During the past three decades, suntan beds and booths have became very popular. Women (and men, too) have summertime tans in the middle of winter thanks to this invention. According to Hottestacne.com, Friedrich Wolff introduced tanning beds to America in 1978. Originally, tanning beds were not regulated, but since 1988 they have been. However, if you frequent a tanning bed or booth, you might come out with more than you bargained for, including a skin rash.
Be aware that tanning beds emit anywhere from 93 percent to 99 percent UVA radiation, which is considered three times the UVA radiation that you are exposed to when out in the sun.
The rashes that can occur are the result of an allergic reaction to UV or ultraviolet light that is used in the tanning bed. When you have an allergy to UV rays, this is called sun poisoning or photodermatitis, according to Organizedwisdom.com.
Warts can be contracted in a tanning bed that has not been properly cleaned and sterilized, according to the Mayo Clinic's Dr. Dawn Davis, a dermatologist. Warts are caused by HPV, which is the human papillomavirus. Davis says that she has seen patents who were severely burned and scarred as a result of using a tanning bed, as well as a number infections that were contracted from the tanning bed. Cellulitis, which is a skin infection caused by staphylococcus bacteria, skin ulcerations and rashes can also be caused by tanning beds.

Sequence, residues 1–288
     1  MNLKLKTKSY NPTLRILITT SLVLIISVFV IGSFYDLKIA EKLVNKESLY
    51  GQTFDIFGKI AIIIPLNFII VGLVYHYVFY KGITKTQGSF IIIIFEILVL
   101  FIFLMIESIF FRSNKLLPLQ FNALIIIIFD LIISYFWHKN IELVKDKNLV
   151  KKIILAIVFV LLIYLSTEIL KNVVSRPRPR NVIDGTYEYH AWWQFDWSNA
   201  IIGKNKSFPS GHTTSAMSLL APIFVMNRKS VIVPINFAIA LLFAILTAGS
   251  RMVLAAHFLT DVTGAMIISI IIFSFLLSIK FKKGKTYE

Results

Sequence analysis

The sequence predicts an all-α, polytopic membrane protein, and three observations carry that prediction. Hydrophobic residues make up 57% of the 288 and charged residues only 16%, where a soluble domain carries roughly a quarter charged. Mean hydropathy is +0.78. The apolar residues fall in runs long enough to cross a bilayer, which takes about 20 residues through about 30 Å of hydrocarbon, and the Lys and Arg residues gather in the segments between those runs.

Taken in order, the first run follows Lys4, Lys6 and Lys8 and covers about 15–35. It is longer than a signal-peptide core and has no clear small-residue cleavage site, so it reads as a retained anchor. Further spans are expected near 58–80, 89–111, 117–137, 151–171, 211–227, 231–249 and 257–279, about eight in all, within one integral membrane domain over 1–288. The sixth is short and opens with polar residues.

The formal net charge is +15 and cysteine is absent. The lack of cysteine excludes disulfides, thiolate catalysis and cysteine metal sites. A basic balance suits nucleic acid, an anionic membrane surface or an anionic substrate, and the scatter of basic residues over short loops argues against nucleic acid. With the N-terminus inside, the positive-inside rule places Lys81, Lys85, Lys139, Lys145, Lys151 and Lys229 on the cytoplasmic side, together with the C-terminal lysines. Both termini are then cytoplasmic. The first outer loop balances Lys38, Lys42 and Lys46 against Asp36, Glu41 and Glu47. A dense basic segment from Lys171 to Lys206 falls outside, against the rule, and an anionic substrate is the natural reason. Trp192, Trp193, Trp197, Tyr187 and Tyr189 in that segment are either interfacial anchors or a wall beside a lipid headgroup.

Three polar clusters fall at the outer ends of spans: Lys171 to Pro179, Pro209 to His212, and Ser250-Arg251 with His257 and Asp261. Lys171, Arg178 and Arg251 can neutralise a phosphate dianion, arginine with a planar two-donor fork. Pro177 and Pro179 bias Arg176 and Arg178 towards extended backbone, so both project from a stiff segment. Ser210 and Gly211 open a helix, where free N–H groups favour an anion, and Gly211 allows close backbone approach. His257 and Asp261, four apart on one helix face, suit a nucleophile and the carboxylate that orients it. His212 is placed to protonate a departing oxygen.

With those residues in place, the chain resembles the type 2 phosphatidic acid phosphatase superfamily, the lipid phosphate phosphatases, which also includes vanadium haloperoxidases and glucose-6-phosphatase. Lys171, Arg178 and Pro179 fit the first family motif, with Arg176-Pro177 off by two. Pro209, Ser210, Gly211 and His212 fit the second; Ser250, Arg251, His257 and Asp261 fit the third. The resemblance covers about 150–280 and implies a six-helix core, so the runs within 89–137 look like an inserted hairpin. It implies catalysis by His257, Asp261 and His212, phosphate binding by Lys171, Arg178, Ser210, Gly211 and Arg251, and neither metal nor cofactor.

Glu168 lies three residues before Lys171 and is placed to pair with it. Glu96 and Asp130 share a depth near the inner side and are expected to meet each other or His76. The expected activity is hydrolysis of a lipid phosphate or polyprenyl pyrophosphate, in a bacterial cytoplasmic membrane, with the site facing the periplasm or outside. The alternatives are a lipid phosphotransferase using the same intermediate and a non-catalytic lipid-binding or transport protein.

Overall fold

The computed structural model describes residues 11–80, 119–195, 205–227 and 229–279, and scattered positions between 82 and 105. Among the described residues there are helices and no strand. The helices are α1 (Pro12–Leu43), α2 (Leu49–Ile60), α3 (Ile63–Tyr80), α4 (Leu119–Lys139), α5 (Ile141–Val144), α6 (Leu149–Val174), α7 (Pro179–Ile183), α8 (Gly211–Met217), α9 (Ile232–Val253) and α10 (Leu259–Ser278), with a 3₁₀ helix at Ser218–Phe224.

Aside from skin rashes, the UVA and UVB rays can damage the eyss' retinas and cause cararacts. Davis adds that using a suntan bed can increase your risk of acquiring melanoma (skin cancer) by eight times during your lifetime. Some physicians equate using a tanning bad to lying naked on a hot skillet right after someone else has done the same thing, according to Keloland.com.
UVA rays are considered less dangerous than UVB rays, but UVA light can penetrate deeper into your skin, according to Cig.cnn.com. This can result in actinic keratosis, which increases your chance of developing skin cancer. Furthermore, tan accelerating products should be avoided, according to the Food and Drug Administration.
If getting a rash isn't enough to dissuade you from using a tanning bed, consider what Dr. Stephen E. Chiarello, a dermatologish in southwest Florida, has to say. He notes that the deep penetrating UVA rays cause damage to the skin’s tissue and lessens elasticity, as well as augments skin cancer growth. The skin thins and wrinkles when tanning beds are used excessively.
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Cindi Pearce is a graduate of Ohio University, where she received her bachelor’s degree in journalism. She completed both the undergraduate and graduate courses offered by the Institute of Children’s Literature. Pearce has been writing professionally for over 30 years.